Maximizing Returns: Can You Earn Cash Back on Tax Payments?

Maximizing Returns: Can You Earn Cash Back on Tax Payments?

As you are continuing to grow your income, you might start hitting a point where your default withholding is not enough and end up owing the IRS when taxes are due. For those new to making tax payments, it's not as scary as it may seem! It just means you made quite the gross income the past year and haven't paid enough taxes for your tax bracket. Congrats on reaching that milestone!

Now that you're faced with a tax bill, you may be pondering the best way to pay it. Options include directly through the IRS website or using tax preparation tools like TurboTax, which can handle the payment for you. But before you proceed, it's important to note that you can also use a credit card to pay your taxes. If you've been keeping up with my posts, you'll understand that anytime a credit card option is available, it opens up innovative ways to optimize your financial strategy.

It's important to manage your tax payments carefully to avoid owing a significant amount at tax time. If you find yourself with a large tax bill, the IRS may assess an underpayment penalty. This penalty is applied when your withholdings and estimated tax payments fall short of your total tax liability for the year. 

Paying Taxes with Credit Card

The IRS has partnered with third party payment processors to give you the option to use a credit card for payment.

For the most part, I have found very little differences between the payment providers so it probably makes most sense to go with the one with the cheapest fee. However, you'll notice the even the smallest fee is quite high (1.82%). With this kind of fee, you'll have to use an all-category 2% cash back card to be net positive. 0.18% net cash back might not be the most attractive reward for paying with a credit card but it's a start.

Paying Taxes to Get Welcome Bonus

If 0.18% cash back is not worth your while, you can instead leverage the tax payment as a way to hit large spend requirements for cards with significant welcome bonuses. For example, right now (as of 4/2/24) the Platinum Card for American Express has a welcome bonus of 150k points after spending $8,000 in 6 months. The card itself gives you the most bang for your buck when spending it on travel (5x pts, similar to 5% cash back), but spending $8,000 in 6 months on travel is not something easy to achieve. This is where utilizing some of the spend for taxes can come really handy since tax payments can be quite high. You'll typically see a lot of seasoned credit card holders take advantage of taxes to meet welcome bonus spending requirements. To complete the example above, if you were to put $8,000 on the Platinum Card for American Express, you'd look at a fee of $145.60, a welcome bonus of 150,000 points (valued at $900-$1500), and 8000 reward points (valued at $48-$80). This gives a net total of $800-$1430 value gained.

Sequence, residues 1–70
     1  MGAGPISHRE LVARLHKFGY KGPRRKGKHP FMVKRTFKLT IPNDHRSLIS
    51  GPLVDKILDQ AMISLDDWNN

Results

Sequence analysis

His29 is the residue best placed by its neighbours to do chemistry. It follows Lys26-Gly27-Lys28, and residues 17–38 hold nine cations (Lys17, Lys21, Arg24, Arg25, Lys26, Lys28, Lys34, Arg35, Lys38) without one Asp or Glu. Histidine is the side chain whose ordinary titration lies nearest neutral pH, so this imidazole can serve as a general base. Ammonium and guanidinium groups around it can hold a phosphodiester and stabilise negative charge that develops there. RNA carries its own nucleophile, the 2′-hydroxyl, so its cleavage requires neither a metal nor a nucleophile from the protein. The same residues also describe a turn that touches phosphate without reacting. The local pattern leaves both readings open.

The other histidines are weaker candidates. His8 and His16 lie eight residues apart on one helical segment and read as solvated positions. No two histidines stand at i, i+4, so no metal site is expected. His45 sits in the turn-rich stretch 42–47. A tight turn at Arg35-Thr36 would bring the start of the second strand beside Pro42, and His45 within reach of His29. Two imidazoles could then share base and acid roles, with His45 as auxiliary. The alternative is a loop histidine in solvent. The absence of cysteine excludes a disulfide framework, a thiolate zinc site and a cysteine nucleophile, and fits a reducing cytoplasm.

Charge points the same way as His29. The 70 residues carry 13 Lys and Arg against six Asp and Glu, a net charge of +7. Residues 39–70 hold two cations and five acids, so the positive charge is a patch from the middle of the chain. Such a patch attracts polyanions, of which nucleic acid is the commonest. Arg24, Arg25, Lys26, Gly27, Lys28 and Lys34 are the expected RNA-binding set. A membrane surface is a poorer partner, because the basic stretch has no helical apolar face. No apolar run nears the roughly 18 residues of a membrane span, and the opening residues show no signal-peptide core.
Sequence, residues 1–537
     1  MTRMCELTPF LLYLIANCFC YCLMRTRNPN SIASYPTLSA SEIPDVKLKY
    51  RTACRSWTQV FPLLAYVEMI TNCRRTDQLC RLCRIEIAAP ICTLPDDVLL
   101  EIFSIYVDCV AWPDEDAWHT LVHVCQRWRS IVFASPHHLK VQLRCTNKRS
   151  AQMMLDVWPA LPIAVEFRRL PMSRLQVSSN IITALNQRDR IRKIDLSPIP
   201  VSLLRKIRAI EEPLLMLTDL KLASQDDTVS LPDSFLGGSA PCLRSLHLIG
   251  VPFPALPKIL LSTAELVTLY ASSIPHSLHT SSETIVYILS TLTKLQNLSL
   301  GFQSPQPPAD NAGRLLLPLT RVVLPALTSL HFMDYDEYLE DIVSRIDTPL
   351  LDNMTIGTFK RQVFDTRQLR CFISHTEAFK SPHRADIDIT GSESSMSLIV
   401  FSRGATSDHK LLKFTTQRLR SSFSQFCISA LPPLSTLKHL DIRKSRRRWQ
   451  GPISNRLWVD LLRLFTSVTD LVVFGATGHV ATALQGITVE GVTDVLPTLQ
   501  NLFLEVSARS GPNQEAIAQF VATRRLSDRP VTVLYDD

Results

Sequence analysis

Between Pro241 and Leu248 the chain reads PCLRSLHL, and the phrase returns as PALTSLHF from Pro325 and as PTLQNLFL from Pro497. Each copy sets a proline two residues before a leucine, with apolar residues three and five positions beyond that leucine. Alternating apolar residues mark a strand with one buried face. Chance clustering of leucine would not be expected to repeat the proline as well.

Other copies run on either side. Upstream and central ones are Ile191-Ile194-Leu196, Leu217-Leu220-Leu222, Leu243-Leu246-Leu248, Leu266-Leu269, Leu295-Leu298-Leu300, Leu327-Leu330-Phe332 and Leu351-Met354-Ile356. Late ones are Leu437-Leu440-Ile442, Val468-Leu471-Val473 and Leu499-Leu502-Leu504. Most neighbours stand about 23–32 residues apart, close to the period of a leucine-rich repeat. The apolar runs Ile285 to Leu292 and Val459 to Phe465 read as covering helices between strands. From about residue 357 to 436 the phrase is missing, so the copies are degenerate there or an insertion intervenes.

Paying Taxes with PayPal Cashback Mastercard

If you really want to keep tax payments and optimization simple, you can take advantage of the PayPal Cashback Mastercard which gives 3% cash back if you use it with PayPal checkout. If you check the payment processors above, you'll see that all 3 payment providers support PayPal. With that in play, you are now looking at a net 1.18% cash back return for tax payments (which is a lot more enticing).

Final Thoughts

Paying taxes is inevitable but there are ways to make it something a little easier to deal with. I definitely encourage to plan ahead of time on how you want to take on tax payments if you anticipate them. I personally like going the 3% cash back route with the PayPal Cashback Mastercard as it's very simple to manage. The PayPal Cashback Mastercard can also be used for other purposes too such as online shopping (for stores that support PayPal, which is usually most shops). As a reminder, taxes are due April 15th. Hoping tax filing goes smoothly for everyone!

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